PARTNER FEATURE: Intelligent connectivity enables transformational new capabilities in transport, entertainment, industry, and much more. For technical systems to digitally match human actions with connected environments, however, they must meet the speed of our natural reaction times.

The networks used must be ultra-reliable, as many critical tasks will be executed remotely. And they will also rely on cost-effective edge infrastructure to enable scaling. According to GSMA, 5G could account for as many as 1.2 billion connections by 2025. By then, 5G networks are likely to cover one-third of the world’s population. GSMA Director General Mats Granryd outlines the technology’s brisk growth since the beginning of 2018 and shares his excitement about how the combination of intelligent connectivity will create smarter applications that make life better and safer.

What is Intelligent Connectivity?
Intelligent connectivity is the combination of high-speed, low-latency 5G networks, cutting-edge artificial intelligence (AI), and the linking of billions of devices through the Internet of Things (IoT).  When these three revolutionary technologies combine, they will enable transformational new capabilities in transport, entertainment, industry and public services, and much more beyond. As operators expand beyond mainly providing network access to facilitate services, they’re rapidly bringing into view a world of technological ease and sophistication which not long ago still seemed a long way off. GSMA estimates that, by 2025, there will be 25 billion connected devices. This hyperconnectivity will be enabled by undisturbed mobile broadband, which will enable the number of connected devices communicating with one other to be virtually limitless. This will be the prime enabler of intelligent connectivity.

“Intelligent connectivity will have a significant and positive impact on individuals, industry and society, marking the beginning of a new era defined by highly contextualised and personalised experiences,” says Granryd. “Augmented and virtual reality will change the way we watch live sports and music concerts, drones will deliver packages to our homes, and virtual personal assistants will manage our lives for us. New 5G networks, AI and the upscaling of the Internet of Things will change the world, intelligently connecting everyone and everything to a better future.”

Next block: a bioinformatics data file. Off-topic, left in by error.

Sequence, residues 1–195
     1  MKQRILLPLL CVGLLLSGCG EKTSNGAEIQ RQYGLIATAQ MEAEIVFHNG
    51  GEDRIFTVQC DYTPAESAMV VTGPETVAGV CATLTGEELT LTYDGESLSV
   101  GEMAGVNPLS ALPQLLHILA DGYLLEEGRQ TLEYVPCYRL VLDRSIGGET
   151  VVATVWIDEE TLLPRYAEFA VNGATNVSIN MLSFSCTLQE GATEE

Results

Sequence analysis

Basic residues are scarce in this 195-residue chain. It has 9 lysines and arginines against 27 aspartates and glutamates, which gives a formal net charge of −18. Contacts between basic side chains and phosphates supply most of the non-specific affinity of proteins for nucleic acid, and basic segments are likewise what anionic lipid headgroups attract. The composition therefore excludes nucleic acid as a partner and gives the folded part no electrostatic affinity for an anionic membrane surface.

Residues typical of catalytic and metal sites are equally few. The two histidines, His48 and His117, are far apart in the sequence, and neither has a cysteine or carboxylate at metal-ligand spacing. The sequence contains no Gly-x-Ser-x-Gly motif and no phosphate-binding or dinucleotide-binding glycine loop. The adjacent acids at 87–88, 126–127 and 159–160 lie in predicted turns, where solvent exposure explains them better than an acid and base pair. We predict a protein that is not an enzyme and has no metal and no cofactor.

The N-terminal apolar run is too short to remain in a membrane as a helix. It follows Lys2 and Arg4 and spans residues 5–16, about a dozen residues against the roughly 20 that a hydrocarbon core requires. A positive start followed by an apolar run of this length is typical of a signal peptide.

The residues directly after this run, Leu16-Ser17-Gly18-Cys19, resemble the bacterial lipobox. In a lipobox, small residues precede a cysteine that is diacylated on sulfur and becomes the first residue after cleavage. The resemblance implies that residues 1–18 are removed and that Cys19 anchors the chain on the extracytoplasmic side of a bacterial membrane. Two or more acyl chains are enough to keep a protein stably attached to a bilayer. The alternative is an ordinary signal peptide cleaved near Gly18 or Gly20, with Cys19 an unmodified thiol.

For AI, he states that it “goes beyond us as individuals – it’s transforming industries. This means that not only will you have much broader connectivity, it’s going to be truly ubiquitous, with everything that benefits from being connected always being connected. When we couple that with intelligence, it means things will become smarter. We will have more things like AI virtual assistants that will help us in our daily life to make life more comfortable, more productive, safer, and so on. I think we will see the combination of these morph into something really exciting in the future,” he says.

Granryd notes that not only will consumers be able to enjoy “exciting, immersive experiences” via next-gen technology, but for enterprises, network slicing will be essential for delivering smart capabilities.

“We can create multiple virtual networks, addressing different market segments and use cases,” he says. Mobile IoT in particular will benefit from new 5G networks as they’ll be able to support more connections with higher speeds and lower latency. “We will see more industrial use cases, but also applications created through network slicing, to which we’ll be able to dedicate resources. This is a couple of years off, but by 2022 or 2025 we will be able to dedicate network resources to a plant or a factory, and basically be able to say that this is a given capacity,” comments Granryd.